The situation is just one part of a sort of gentrification taking hold in Korea in which interest in a neighborhood suddenly peaks among artist workshops, galleries and independent shops and cafes.
But, perhaps ironically, as the area’s popularity takes off, those same artists and shop owners — as well natives who have lived there for generations — begin to migrate elsewhere.
That’s because the increase in clientele and publicity usually results in big-name franchises like Starbucks, Zara, Olive Young and Paris Baguette setting up shop.
The commercialization causes rents to skyrocket, and as the artists and shop owners who can no longer afford the rent move out, the neighborhood loses its distinct color, becomes yet another Myeong-dong, filled with tourists and traffic.
“Gentrification” was a term coined by sociologist Ruth Glass in 1964 to describe a phenomenon, notably in London, in which the middle classes moved en masse into urban areas, displacing lower-class residents and thereby transforming the social character of the neighborhood.
Multitudes of similar cases, however, go unnoticed.
The Myeong-dong, Sinchon, Insa-dong and Garosu-gil areas lost their individuality long ago, observers say.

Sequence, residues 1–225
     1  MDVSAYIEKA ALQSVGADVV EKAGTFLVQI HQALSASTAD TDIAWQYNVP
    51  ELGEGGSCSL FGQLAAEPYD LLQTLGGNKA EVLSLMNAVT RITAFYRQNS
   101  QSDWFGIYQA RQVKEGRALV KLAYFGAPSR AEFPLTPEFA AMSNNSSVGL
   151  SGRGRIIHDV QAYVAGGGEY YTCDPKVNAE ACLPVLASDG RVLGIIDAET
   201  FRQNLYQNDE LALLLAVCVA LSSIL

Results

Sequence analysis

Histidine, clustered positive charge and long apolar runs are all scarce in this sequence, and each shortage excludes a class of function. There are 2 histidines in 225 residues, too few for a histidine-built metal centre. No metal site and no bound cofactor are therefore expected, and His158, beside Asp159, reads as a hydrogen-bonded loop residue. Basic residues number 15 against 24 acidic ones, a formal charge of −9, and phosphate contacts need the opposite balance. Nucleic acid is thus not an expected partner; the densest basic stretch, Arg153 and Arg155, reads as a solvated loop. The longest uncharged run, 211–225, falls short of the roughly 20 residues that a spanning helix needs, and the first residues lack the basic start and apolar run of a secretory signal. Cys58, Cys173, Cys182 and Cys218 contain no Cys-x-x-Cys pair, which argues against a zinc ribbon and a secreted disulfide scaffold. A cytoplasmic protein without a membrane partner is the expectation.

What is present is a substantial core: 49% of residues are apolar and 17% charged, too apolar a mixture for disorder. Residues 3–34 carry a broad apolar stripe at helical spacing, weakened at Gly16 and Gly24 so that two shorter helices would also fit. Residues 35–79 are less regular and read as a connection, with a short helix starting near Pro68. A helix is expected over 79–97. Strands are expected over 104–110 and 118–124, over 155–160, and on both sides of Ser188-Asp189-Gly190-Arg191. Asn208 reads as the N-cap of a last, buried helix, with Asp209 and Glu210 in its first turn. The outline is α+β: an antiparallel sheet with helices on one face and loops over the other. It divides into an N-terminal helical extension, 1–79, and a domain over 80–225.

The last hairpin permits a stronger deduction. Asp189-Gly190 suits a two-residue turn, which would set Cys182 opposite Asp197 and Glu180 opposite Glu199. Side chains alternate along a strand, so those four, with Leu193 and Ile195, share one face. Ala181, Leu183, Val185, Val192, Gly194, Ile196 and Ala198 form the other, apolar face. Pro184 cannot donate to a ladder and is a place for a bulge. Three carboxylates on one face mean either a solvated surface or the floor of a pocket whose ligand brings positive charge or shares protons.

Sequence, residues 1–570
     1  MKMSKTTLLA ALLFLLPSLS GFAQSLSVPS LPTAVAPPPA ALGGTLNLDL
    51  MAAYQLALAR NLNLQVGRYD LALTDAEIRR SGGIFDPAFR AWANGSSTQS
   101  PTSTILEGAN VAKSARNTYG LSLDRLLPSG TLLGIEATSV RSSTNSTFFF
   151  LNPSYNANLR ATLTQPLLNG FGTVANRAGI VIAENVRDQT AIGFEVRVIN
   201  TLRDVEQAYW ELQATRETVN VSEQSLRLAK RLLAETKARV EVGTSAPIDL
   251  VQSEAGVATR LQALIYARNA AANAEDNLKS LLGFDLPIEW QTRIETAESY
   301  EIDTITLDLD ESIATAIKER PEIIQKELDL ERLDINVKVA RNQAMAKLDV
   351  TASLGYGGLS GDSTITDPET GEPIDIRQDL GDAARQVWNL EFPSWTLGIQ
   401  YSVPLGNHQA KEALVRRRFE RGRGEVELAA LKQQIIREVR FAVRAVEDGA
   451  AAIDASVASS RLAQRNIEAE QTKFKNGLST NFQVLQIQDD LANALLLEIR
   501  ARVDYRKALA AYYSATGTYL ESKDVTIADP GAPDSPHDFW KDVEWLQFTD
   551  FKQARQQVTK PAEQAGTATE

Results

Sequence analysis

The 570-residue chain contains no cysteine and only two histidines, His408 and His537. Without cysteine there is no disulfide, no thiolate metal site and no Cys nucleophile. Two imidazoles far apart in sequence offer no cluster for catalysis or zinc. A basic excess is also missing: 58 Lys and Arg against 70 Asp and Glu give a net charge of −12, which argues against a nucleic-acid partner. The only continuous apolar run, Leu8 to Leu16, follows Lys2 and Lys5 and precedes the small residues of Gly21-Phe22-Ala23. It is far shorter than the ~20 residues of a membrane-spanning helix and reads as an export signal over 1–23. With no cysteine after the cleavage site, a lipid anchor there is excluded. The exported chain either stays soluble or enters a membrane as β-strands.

It’s possible the areas near Gyeongbok Palace — Samcheong-dong, Bukchon and Seochon — can be saved, they added, though gentrification is already under way.
Money is the issue
When Takeout Drawing first opened here in 2010, the building was worth around 3.5 billion won ($3.2 million), according to Choi.
But as the haven gained popularity, particularly after being featured in the 2012 hit film “Architecture,” its value soared.
Psy reportedly bought the place for 7.8 billion won, and its current worth is estimated to around a whopping 10 billion won at the very least, according to sources in the real estate market.
“The reward for making the area a popular, go-to place, however, is a forced kick-out,” Choi said. “We realized in the current system, the rights of the tenants are not guaranteed.”